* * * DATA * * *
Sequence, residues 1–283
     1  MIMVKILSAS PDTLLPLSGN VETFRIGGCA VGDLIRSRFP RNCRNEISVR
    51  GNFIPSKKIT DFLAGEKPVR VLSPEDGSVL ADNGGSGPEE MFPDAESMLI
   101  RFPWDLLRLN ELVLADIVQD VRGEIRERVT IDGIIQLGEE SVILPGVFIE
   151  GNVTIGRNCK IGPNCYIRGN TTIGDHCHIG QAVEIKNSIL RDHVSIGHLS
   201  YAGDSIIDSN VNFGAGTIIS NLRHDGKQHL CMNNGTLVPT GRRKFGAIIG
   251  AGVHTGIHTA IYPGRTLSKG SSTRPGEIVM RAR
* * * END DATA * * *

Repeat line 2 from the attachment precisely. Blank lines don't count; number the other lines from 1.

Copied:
     1  MIMVKILSAS PDTLLPLSGN VETFRIGGCA VGDLIRSRFP RNCRNEISVR